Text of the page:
I recently read Chandler Burr's The Perfect Scent,
in which he describes the top-selling men's fragrances as "insecticide," "bug spray," and "disinfectant."
The surefire formula for making a bestselling masculine seems simply to be mixing together enough dihydromyrcenol (laundry detergent) with the smell of metal garbage cans to choke a horse, then topping that with the scent of cryogenically frozen citrus peel dusted with DDT and a whiff of recycled plastic. [Azzaro] Chrome is fit, at a 10 percent dilution, for controlling weeds on your lawn. Aramis makes a fine garage floor sterilizer.
He seems to particularly abhor anything by Hugo Boss:
Soul. This smells like the very good, very interesting John Varvatos, except that everything good and interesting and creative has been leached with chlorine from its dessicated corpse. Given that it has none, calling this smell Soul is like calling Sean John's hackneyed, derivative masculine cliché Innovative.
Oh, SNAP! Here's another:
Number One. Fascinating. If a cat had morning breath, then ate kibble, then kicked its anus, then licked your hand, and if you then smelled your hand, it would smell like this.
Double snap! (And...eww. I have cats - I know that smell.)
I can't say that I disagree with Mr. Burr. Commercial masculine fragrances literally STINK. Most of them, anyway.
When I first started dating Mr. Minx, nearly a decade ago, he wore a mostly-pleasant drugstore musk scent. I thought he had the right idea, but the inexpensive ingredients didn't work well with his body chemistry. For our first Christmas together, I decided to buy him a new scent and paid a visit to several department store men's shop fragrance counters with my friend Melinda. She can tell you that I dismissed nearly every single bottle with "phew, bug spray," or "blech, Pine-Sol." I settled on Calvin Klein's Obsession for Men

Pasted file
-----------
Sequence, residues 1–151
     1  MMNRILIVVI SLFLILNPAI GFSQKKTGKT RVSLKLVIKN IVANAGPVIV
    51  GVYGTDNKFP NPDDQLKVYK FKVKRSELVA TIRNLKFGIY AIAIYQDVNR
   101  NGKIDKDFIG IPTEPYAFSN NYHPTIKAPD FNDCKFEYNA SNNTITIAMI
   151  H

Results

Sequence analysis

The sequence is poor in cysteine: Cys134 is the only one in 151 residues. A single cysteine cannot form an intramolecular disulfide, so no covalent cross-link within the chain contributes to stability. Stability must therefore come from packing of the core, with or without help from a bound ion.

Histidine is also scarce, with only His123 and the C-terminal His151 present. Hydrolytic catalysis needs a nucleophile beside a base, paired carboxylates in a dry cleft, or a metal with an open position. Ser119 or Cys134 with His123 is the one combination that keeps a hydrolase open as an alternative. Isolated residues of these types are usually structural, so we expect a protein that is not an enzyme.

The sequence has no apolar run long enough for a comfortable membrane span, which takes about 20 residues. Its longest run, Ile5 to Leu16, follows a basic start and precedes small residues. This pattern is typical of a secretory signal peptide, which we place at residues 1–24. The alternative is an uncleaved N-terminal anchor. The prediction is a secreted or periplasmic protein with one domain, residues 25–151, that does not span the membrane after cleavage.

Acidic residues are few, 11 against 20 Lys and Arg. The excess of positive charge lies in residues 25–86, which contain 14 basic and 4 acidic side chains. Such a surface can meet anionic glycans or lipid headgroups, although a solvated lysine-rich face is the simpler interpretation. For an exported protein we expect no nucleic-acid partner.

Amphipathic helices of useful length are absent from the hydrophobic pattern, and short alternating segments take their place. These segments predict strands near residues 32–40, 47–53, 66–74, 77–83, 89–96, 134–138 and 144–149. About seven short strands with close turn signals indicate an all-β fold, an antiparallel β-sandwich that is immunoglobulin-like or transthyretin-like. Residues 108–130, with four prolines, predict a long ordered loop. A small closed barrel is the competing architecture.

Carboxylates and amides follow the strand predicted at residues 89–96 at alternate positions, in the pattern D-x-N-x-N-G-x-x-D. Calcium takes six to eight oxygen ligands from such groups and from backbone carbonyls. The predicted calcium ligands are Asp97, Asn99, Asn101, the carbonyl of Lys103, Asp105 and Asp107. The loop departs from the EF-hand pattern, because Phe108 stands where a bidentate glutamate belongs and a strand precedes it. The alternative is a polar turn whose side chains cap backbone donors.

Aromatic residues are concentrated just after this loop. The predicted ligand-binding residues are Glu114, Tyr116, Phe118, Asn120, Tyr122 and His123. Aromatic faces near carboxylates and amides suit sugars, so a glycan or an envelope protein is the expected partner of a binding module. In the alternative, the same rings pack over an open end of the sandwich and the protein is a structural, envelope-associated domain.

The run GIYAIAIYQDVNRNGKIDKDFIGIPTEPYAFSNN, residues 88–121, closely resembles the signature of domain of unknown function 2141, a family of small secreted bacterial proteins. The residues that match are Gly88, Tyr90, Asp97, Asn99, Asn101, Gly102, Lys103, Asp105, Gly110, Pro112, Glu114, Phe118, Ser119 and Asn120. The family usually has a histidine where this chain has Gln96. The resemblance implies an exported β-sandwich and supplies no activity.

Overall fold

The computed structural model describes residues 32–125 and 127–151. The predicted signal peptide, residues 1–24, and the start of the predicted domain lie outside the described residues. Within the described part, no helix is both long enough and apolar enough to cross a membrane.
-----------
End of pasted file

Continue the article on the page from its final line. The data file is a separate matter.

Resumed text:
, because its nutmeggy amber musk was completely different from everything out there. It helped that I knew no one else who wore it, and I myself wore the feminine version for many years.
Why is it that producers of mainstream fragrance think that a masculine scent should be redolent of pine and poison? And why do most men fall for the ploy and pay good money to stink? One of my co-workers regularly douses himself with something that smells like a combination of Pine-Sol and toe cheese. I can smell it wafting down the hall from his private office into mine. On the days we have to work on a project together, it's like a little bit of hell on earth.
Mr Minx still wears Obsession
; it's his signature scent, and it smells incredible on him. He turns his nose up at just about everything else on the mainstream market, including "the very good, very interesting John Varvatos
" (which I like). He's more into niche now, you see? Bond No. 9 New Haarlem
, L'Artisan Parfumeur Tea for Two
, and Brandy
(which he often layers with the admittedly mainstream Paul Smith Extreme
). He's also got a large decant of MDCI's Ambre Topkapi
How lucky I am to have a man of good taste. I feel sorry for the women whose husbands prefer Hugo Boss.